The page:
“Horst Biesold’s Crying Hands treats a neglected aspect of the Holocaust: the fate of the deaf in Nazi Germany. His book covers a story that has remained almost unknown. In the United States, even in Germany, few are aware that during the Nazi era human beings–men, women, and children–with impaired hearing were sterilized against their will, and even fewer know that many of the deaf were also murdered.”
—From the Introduction by Henry Friedlander
When the Nazis assumed power in Germany in 1933, they wasted no time in implementing their radical policies, first by securing passage of the Law for the Prevention of Offspring with Hereditary Diseases. Among those designated by this law as “congenitally disabled” were deaf people. Horst Biesold’s newly translated book examines this neglected aspect of Nazi “racial hygiene” through interviews with more than 1,000 deaf survivors of this brutal law that authorized forced sterilizations, abortions, and eventually murder.
Crying Hands meticulously delineates the antecedents of Nazi eugenics, beginning with Social Darwinism (postulated in the mid-nineteenth century) and tracing the various sterilization laws later initiated throughout the world, including many passed and practiced in the United States. This exceptional scholarship is movingly paralleled by the human faces fixed to the numbing statistics, as in story after story those affected recount their irretrievable loss, pain, and misplaced shame imposed upon them by the Nazi regime. Through their stories, told to Biesold in German Sign Language, they have given voice to the countless others who died from the specious science practiced by the Third Reich. And now their own trials have finally been acknowledged.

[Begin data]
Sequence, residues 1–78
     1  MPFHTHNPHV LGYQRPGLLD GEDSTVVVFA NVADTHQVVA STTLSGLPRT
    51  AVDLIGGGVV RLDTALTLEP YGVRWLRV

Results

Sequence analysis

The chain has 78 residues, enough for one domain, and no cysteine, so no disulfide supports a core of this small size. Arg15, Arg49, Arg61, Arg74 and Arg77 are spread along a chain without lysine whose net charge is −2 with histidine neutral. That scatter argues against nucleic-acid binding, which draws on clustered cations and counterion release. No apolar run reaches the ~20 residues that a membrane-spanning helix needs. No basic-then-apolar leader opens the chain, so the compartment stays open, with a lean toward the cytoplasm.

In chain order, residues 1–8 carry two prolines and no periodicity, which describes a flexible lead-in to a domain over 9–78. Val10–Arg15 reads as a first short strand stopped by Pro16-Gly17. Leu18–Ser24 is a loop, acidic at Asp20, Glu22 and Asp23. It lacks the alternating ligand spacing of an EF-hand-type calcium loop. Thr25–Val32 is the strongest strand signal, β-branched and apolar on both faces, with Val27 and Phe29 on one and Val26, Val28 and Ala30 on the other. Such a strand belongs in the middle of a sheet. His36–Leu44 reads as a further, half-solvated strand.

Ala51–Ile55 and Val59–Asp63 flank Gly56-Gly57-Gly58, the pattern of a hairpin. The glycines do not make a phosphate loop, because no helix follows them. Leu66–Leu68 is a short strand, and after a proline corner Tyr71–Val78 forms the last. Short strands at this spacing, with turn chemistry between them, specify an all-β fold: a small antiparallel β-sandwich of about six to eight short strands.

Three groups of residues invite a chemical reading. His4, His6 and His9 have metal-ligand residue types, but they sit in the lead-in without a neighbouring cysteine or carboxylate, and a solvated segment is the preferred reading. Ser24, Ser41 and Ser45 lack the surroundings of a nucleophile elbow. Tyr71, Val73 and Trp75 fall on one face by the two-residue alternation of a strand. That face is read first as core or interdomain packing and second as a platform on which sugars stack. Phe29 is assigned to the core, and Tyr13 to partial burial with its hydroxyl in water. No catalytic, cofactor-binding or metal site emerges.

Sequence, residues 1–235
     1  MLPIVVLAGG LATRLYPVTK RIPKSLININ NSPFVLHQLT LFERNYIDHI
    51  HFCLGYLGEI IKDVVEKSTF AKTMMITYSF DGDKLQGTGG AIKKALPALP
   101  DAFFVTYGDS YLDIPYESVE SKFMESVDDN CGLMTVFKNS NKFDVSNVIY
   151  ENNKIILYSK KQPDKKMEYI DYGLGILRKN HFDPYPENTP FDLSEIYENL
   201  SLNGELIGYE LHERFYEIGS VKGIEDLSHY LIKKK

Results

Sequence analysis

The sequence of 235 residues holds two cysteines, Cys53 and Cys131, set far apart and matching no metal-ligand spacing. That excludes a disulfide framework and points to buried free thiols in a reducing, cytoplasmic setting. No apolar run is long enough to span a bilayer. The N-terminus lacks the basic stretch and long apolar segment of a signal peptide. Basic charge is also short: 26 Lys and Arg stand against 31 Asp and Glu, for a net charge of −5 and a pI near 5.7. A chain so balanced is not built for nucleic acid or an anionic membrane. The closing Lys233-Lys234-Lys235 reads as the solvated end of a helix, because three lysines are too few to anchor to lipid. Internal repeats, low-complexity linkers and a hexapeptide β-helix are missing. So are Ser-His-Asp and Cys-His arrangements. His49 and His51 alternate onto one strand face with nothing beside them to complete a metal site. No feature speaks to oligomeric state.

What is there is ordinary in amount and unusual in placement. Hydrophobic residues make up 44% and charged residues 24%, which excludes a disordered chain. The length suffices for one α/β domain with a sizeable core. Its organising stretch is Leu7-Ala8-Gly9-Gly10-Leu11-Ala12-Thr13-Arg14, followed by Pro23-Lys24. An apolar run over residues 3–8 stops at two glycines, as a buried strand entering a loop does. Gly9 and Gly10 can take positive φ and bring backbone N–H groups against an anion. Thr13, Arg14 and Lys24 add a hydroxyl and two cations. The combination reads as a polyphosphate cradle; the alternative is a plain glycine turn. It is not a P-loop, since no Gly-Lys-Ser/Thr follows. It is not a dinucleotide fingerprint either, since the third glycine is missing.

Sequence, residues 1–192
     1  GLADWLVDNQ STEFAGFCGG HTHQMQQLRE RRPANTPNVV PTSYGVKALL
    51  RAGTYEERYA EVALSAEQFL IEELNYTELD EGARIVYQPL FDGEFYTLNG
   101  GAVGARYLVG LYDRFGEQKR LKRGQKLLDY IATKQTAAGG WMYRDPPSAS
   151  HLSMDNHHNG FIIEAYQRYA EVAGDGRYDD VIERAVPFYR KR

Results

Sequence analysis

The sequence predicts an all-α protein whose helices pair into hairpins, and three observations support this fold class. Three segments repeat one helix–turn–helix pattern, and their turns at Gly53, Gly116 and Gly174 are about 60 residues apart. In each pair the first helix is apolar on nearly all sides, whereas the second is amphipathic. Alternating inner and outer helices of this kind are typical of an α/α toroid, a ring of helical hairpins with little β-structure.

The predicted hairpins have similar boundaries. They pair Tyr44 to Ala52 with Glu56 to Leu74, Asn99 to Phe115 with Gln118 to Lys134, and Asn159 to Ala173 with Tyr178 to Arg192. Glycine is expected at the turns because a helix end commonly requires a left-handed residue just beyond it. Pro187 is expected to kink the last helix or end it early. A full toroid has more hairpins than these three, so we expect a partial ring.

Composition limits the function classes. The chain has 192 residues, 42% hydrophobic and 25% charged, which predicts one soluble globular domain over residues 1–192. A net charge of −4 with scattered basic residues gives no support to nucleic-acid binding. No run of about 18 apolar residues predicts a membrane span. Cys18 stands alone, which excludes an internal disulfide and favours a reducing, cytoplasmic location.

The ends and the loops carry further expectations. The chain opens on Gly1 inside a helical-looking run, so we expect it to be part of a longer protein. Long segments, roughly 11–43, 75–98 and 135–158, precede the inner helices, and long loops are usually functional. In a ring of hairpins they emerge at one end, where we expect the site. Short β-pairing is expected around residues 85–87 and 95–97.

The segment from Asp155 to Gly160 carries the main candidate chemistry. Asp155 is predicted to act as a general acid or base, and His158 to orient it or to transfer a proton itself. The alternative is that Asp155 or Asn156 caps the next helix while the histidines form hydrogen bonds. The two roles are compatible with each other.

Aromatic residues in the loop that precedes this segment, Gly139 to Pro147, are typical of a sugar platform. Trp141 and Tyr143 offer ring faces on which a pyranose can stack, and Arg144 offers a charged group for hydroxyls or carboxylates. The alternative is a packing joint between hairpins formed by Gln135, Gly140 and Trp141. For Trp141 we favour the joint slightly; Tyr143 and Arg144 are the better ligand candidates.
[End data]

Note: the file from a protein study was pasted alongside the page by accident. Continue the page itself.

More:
Horst Biesold was a professor and teacher of deaf students in Bremen, Germany.
"In 1934, 32,268 people were sterilized against their will under the Reich Ministry of Interior’s new law: Law for the Prevention of Offspring with hereditary Diseases. This law was in conjunction with eugenics, the science of the betterment of the human race through improved breeding. Eventually this law led to 375,000 German nationals being sterilized. Part of this number was the deaf. In Crying Hands: Eugenics and Deaf People in Nazi Germany, author Horst Biesold, a former teacher of deaf students, describes the heartache of these deaf victims. He interviewed through sign language 1,215 people. Their hands tell a painful story of mutilation and lifetime suffering."— ForeWord Magazine
"Biesold documents the execution of deaf Germans through injection, sentencing to primitive conditions, and work in forced labor as well as sterilization of deaf men and women, boys and girls. The testimony of some of these surviving victims more than 50 years after the crimes inflicted upon them is stark. He demonstrated that the popular myth that educators and others protected their deaf charges simply was not true in too many cases. Teachers and school administrators frequently turned in their students and Protestant ministers to the deaf formally called upon their parishioners to submit to sterilization for the good of the race. Even some deaf leaders, whose deafness was not heredity and who often were members of the Nazi party, participated in the persecution of deaf Germans.
Biesold, a German educator of the deaf, is to be applauded for his courage, determination and scholarship in obtaining the information necessary to complete his work, often in the face of official non-cooperation more than half a century after the Holocaust. We all owe him a debt of gratitude for his perseverance."— Donald Moores, Professor in the Department of Exceptional Student and Deaf Education at the University of North Florida